The Benalla affair has been merciless in the way it has exposed political life. It has shown how the government that emerged from the electoral massacre in 2017 ultimately has little democratic conscience, that combination of caution and scruples which harbours concern for the common good, above and beyond its own fate. Here is a president of the French Republic, a figure supposed to be the president for everyone and above groups and factions, who just a week ago himself launched a political and media counter-attack in the manner of a gang leader in front of his loyal followers. Challenging the opposing checks and balances of the state, Parliament, the press and even the justice system, he declared: “Let them come and get me.”
Since then his justice minister Nicole Belloubet, blithely trampling all over the doctrine of the separation of powers, has done the rounds of the media repeating that there is no scandal, just individual error, even as judicial investigations get under way to determined precisely what case there is to answer under the criminal law. As for Members of Parliament from the ruling La République en Marche (LREM) party, they had little hesitation in taking their party down the route of obstructing the work of the National Assembly's committee of investigation. It reached the point where the party rushed to announce conclusions that suited the presidency, displaying along the way a contempt for the Parliamentary system.
But there is a perhaps even worse aspect to the affair. In several media interventions arranged by public relations experts with the apparent support of the Élysée, the language used by the man at the centre of the scandal – Alexandre Benalla, the 'mission leader' at the Élysée who dressed in police insignia and was filmed beating up demonstrators – did not just seek to minimise the offences carried out by this trusted aide or his acolyte Vincent Crase, who worked for LREM. They legitimised them, insisting they were within their rights to help the CRS riot police by attacking demonstrators, by hitting them and arresting them. This is something they apparently did on several occasions, as the latest video revealed by Mediapart establishes.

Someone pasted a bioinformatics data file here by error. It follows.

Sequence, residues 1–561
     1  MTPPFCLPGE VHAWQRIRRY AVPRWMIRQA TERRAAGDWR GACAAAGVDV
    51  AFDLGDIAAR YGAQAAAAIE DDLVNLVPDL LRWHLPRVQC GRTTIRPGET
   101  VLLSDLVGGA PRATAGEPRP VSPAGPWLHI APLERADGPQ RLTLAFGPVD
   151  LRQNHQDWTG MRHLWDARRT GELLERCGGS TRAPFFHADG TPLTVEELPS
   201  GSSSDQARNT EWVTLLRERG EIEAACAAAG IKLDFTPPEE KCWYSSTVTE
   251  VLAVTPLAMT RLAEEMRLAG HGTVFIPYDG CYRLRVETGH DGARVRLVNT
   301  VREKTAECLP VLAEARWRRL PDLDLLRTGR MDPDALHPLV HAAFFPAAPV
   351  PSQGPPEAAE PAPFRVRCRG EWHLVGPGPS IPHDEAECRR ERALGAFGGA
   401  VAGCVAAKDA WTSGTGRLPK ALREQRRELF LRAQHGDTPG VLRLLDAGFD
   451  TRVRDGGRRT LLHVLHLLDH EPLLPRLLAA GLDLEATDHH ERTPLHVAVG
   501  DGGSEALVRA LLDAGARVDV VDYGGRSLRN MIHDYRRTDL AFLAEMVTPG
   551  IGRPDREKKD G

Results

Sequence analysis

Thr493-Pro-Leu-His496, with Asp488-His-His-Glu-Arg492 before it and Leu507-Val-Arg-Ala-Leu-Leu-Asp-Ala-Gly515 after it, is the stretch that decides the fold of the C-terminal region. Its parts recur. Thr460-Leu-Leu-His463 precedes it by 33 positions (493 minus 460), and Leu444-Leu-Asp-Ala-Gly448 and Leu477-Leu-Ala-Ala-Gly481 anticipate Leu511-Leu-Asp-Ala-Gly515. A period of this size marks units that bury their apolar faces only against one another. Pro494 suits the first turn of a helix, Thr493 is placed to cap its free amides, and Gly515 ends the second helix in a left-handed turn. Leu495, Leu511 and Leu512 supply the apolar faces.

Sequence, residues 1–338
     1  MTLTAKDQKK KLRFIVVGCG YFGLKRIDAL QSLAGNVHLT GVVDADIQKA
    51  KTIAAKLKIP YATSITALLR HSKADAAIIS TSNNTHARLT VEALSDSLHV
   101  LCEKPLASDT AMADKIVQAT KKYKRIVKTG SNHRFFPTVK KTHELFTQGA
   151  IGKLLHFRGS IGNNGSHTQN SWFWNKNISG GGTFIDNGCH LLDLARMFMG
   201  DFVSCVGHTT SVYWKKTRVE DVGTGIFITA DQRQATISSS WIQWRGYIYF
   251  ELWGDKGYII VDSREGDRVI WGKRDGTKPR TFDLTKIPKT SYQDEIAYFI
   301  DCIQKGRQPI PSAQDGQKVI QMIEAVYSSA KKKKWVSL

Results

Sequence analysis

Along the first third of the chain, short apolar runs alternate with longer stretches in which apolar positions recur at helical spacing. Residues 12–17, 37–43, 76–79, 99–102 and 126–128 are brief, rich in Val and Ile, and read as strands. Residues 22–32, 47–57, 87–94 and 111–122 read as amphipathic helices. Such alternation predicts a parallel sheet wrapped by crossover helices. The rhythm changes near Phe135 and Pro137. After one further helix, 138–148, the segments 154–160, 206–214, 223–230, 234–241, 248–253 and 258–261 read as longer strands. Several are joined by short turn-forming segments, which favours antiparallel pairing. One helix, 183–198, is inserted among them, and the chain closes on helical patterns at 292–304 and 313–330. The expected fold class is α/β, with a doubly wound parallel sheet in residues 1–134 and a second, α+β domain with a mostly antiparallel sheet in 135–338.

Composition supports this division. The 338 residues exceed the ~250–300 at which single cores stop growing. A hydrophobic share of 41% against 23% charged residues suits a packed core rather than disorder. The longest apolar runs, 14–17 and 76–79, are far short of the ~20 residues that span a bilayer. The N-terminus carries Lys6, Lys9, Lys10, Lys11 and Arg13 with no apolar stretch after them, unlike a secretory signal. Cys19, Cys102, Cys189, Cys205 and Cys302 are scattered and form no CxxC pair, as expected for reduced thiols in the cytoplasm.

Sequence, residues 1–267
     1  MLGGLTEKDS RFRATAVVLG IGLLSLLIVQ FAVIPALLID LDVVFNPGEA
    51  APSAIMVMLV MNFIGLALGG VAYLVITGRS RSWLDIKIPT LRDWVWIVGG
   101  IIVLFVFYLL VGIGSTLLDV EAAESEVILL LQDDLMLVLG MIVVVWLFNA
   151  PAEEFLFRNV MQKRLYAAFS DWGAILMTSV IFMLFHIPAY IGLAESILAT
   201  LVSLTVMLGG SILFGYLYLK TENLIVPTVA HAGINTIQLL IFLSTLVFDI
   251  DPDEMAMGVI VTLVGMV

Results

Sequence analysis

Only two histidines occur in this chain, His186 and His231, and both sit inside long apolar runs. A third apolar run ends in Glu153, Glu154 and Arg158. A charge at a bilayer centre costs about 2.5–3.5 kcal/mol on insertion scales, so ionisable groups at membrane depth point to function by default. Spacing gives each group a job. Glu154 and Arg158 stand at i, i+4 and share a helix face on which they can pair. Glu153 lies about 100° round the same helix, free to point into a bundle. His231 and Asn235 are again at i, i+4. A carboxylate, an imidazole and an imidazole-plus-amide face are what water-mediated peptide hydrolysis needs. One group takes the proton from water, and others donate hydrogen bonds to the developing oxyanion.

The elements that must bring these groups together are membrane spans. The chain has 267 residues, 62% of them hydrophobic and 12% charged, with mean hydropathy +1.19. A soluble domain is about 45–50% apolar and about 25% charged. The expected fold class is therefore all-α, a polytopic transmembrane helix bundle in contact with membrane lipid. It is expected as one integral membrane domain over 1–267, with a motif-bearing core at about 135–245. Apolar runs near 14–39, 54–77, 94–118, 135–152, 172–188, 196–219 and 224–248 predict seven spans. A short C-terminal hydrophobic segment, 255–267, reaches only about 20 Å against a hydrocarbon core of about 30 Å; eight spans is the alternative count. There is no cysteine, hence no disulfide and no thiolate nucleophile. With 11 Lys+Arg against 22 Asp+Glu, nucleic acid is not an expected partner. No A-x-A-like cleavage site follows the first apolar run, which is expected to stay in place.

In other words, if not quite permissible, it is apparently deemed harmless for the president's co-workers and those from his party to play the role of police auxiliaries and attack political opponents who are expressing their discontent in the streets. And this despite the fact that no charges were brought against the demonstrators after their arrest.
Do we need reminding that one of the fundamental democratic rights that anyone holding the temporary position of a national representative – including the leading one – must respect is the right of every citizen to demonstrate their opinions, to express them in the street and in public? On top of the traditional way that police violence during the maintenance of law and order is played down in France, the attempts to downplay the facts which are at the origin of the Benalla affair quite simply boil down to accepting the end of the rule of law in favour of an authoritarian regime.
For as the historian Nicolas Offenstadt stated in a timely reminder on social media (see below) “the exercise of physical violence against political opponents without legal mandate, or with the implicit support of the institutions, is a hallmark of fascism”. The presumed legitimate violence used by the state is then supplanted by a sectarian violence shielded by a privatisation of power.